Saturday, July 17, 2010

The annual gala concert of the Moran Choirs at the Tel Aviv Museum

The 2010 Annual Moran Choirs Gala Concert was held in the auditorium of the Tel Aviv Museum July 5th. The evening hosted the Friends of the Moran Choir, proceeds going to the in-depth musical and artistic training invested in each choir member, as well as to the Moran Organization’s several outreach programs. The original Moran Choir was established by Naomi Faran in 1986 at Beit Itzhak, Emek Hefer (an agricultural region in the centre of Israel, situated between Netanya and Hadera). Naomi Faran continues in her capacity as musical director, there now being four separate choirs – the Moran Little Ones Choir (for children aged 5 to 8; they did not take part in the evening’s concert), the Moran Youth Choir (for children aged 8 to 11), the Moran Choir (comprising of some 50 singers between the ages of 12 and 18) and the Moran Singers Ensemble whose members include graduates of other Moran choirs, Academy of Music students and soldiers from the Outstanding Musicians Program. The two more advanced choirs perform widely in Israel and overseas.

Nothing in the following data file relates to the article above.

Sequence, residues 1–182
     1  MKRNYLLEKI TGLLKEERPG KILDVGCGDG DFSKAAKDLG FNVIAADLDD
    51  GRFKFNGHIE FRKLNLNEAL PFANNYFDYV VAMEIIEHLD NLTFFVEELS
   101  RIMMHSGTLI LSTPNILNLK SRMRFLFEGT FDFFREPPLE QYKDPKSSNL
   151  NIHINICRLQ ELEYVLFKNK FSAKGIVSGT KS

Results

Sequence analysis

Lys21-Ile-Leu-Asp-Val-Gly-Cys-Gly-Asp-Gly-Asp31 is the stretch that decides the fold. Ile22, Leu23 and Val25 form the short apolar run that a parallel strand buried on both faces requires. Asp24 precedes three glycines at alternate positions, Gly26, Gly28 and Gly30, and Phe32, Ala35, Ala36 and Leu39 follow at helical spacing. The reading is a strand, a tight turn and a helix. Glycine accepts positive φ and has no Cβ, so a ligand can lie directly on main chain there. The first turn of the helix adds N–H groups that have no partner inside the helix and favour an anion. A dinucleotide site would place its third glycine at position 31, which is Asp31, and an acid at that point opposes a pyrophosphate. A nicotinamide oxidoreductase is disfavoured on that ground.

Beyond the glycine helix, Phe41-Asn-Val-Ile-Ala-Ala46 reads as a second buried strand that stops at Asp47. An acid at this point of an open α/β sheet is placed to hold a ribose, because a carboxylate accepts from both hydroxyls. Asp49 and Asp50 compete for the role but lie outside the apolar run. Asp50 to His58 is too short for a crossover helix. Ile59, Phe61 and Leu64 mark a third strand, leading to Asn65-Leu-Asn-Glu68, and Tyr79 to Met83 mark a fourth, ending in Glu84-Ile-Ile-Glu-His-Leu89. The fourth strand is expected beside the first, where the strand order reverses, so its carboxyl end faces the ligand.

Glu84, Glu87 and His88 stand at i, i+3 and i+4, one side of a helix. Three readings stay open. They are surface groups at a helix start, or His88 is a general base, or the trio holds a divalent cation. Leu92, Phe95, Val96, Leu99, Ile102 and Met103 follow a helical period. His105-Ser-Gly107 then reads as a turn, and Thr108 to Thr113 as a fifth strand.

Words of welcome were expressed by chairman and president of the Moran Choirs committee Mr. Shmuel Ben Dror, by president of the Emek Hefer regional council Mr. Rani Idan and by Naomi Faran herself. Faran spoke of singing as promoting love and happiness, as training young people in the art of listening and as giving them self-confidence. Faran thanked all members of her staff for investing their talents and devotion in all four Moran choirs.

The concert began with Israeli composer Aharon Harlap’s (born 1941,Canada) “Jephtha’s Daughter” for horn and chorus, performed by the Moran Singers Ensemble, with Sharon Polyak playing the horn solo. An intense and moving work, choir and soloists presented its narrative and drama with articulate diction, Polyak’s playing shaped and highly expressive. Opera arias featured soloists from the Ensemble – Hadas Faran-Asia in a convincing, beautifully controlled presentation of “Il faut partir” (One Must Part) from G.Donizetti’s “Daughter of the Regiment” and soprano Alexandra Falkovsky with tenor Liran Koppel in “Libiamo ne’ lieti calici” (Drinking Song) from Verdi’s La Traviata. Joined by the Ensemble singers, the latter aria was charmingly staged. On a different note, “Yad Anuga” (A Delicate Hand), an oriental melody to a poem by Zalman Shneur, was given an exotic and theatrical reading by mezzo soprano Doris Nemni, who sang to the accompaniment of a drum. The Moran Singers Ensemble presented a number of Israeli songs, some of the arrangements tastefully created by composer Eyal Batt, the Moran Singers Ensemble’s home pianist.